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Judge OKs Damages Claim by Ex-Edwards Wildman Partner Allegedly Ousted Without Required Partner Vote

Posted Sep 7, 2012 4:12 PM CDT
By Martha Neil

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A former corporate partner of Edwards Wildman Palmer isn't entitled to his promised pay of $625,000 for his work 2008, because he didn't bring in anywhere close to the amount of business he was supposed to generate to be paid at this level, a New York judge ruled last week.

However, Stephen Connoni, is entitled to seek damages at trial concerning his January 2009 dismissal from the 625-attorney law firm, because it allegedly occurred without the partnership vote required by his contract with Edwards Wildman, held Manhattan Supreme Court Justice Melvin Schweitzer. It appears that such damages could be based on a share of the profits to which he was entitled as an equity partner, reports Reuters.

The firm contends Connoni, who reportedly had been paid $276,000 for his work by the end of 2008, should get nothing further, according to the news agency: "The firm looks forward to demonstrating at trial that Mr. Connoni's breach means he is not entitled to any additional compensation," said a spokeswoman in a written statement.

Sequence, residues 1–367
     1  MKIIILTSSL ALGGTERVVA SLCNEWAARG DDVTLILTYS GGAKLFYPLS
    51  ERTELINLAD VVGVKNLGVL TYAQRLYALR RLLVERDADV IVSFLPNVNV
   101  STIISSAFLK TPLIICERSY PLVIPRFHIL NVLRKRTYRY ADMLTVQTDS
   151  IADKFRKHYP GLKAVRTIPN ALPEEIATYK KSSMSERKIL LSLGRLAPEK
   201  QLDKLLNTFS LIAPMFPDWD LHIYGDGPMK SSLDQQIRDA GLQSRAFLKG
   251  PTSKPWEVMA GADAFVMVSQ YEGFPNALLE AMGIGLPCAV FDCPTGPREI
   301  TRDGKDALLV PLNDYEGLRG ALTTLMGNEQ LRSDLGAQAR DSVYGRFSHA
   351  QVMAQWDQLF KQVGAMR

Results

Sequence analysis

In another victory for Connoni, the judge said the firm can't pursue claims that Connoni misrepresented his book of business.

The judge's opinion offers a compelling account of a hard-fought dismissal by Connoni, who had joined Edwards Wildman from K&L Gates in 2007, as Reuters recounts.

Schweitzer explains that Connoni was supposed to bring in around $1.9 million in new business in 2008 to earn his $625,000 salary, but actually billed only $822,713. Then Edwards Wildman had to write off $690,000 of that amount, because of a collections issue, according to the judge.

Asked by the then-managing partner to withdraw in September 2008, Connoni "refused to leave," as the managing partner told his colleagues in a November 2008 email cited by the judge.

A flurry of emails eventually led to Connoni's exit around the end of January 2009. He said the recession and financial problems at the firm, which was then known as Edwards Angell Palmer & Dodge, were to blame for his ouster.

Additional coverage:

ABA Journal (2009): "Suing Your Ex-Partners"

ABAJournal.com (2009): "Suit by Fired Lateral Partner Says Edwards Angell Should Have Lowered Expectations"

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